Dr. Pierre Gueriau, SNSF postdoctoral researcher
Anom Lab, Institute of Earth Sciences, University of Lausanne
Paleontologists such as Dr. Pierre Gueriau rely on the accurate observation and interpretation of fossil anatomy in order to elucidate the origin and evolutionary history of life. For this process, imaging techniques are absolutely essential, whether it is simply illustrating findings using optical photography/microscopy, or extracting information hidden to the human eye using advanced methods. The advent of x-ray computed microtomography (µCT) has revolutionized the field for 3D preserved fossils. In turn, photography under UV light or blue/green wavelengths has revealed a wide range of details completely invisible under visible light in flat fossils.
Luminescent signals can be extremely faint, requiring long (up to several minutes) acquisition times. Rather than bioluminescence, Dr. Gueriau’s application is closer to paleoluminescence as it focuses on fossils. As Dr. Gueriau mentions, “There are other visible and near-infrared wavelengths that could provide interesting additional contrasts. Therefore, paleontologists need a camera that is extremely sensitive from the UV to the near IR in order to exploit all possible sources of contrast.”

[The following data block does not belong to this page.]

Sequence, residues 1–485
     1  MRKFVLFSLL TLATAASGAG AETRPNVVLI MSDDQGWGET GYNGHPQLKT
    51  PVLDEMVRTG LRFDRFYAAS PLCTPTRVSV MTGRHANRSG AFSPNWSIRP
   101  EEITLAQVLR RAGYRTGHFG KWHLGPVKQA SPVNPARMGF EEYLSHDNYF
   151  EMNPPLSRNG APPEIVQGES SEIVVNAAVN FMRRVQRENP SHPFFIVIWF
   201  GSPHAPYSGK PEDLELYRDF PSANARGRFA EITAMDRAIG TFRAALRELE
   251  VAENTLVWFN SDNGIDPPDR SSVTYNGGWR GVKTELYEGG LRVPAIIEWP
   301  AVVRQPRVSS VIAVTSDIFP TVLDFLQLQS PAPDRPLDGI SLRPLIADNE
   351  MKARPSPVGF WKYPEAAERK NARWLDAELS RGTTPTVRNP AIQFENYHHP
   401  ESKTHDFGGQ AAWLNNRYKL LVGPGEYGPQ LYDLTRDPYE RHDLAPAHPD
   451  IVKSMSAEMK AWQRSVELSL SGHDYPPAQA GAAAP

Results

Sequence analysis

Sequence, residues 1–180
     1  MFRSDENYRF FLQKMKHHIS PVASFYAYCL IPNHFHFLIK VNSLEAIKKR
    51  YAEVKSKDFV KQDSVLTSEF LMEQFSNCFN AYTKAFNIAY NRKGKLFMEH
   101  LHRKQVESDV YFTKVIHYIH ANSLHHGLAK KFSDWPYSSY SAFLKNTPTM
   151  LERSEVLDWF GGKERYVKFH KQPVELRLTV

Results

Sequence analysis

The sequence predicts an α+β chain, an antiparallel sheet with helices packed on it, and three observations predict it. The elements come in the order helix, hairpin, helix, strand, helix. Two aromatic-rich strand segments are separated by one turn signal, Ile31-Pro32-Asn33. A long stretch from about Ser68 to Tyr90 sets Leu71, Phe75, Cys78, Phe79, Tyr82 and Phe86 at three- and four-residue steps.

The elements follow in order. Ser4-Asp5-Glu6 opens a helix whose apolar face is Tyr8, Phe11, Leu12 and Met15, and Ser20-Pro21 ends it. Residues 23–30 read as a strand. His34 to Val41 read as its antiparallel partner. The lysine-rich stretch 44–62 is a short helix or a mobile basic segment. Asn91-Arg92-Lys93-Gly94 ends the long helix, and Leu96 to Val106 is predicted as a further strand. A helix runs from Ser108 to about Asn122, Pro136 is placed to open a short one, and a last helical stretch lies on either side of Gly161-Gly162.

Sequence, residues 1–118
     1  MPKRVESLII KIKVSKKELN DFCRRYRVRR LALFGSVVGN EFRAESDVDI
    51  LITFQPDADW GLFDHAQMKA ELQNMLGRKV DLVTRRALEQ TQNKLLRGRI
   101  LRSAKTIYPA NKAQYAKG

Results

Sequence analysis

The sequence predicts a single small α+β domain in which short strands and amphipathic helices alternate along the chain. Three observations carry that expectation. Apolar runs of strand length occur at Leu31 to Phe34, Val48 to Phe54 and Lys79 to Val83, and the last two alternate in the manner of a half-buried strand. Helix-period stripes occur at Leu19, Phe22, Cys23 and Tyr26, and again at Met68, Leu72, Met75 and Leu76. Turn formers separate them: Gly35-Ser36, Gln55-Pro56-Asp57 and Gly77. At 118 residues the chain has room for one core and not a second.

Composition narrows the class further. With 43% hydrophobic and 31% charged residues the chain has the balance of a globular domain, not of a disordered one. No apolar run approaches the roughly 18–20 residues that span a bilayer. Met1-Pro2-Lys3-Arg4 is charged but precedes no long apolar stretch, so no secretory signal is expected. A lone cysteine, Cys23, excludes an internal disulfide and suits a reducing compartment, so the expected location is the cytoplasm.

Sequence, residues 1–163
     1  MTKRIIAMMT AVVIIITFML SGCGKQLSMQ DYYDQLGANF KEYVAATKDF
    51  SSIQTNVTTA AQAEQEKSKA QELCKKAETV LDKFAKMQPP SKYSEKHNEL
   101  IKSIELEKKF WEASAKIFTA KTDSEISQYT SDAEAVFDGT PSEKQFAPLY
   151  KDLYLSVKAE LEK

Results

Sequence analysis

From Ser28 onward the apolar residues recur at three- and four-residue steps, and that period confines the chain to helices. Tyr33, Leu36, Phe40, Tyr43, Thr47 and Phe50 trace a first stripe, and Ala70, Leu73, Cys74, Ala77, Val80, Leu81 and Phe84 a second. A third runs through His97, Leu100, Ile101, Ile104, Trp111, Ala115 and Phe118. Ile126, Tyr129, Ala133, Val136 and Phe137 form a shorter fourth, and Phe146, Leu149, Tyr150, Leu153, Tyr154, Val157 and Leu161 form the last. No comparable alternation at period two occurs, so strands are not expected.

The Prime 95B offers a unique combination of extreme sensitivity, high speed and low noise performance from the UV to the near-infrared.
Dr. Gueriau is now using a Prime 95B 25 mm sCMOS camera. Dr. Gueriau spoke about his experience with the camera: “The Prime 95B 25mm offers a unique combination of extreme sensitivity (up to 95% quantum efficiency), high speed, and low noise performance from the UV-A to the near IR.” The Prime 95B 25 mm also provides a large 25 mm field of view, essential for imaging a variety of fossil sizes at high spatial dynamics, revealing particular anatomical details of these fossils.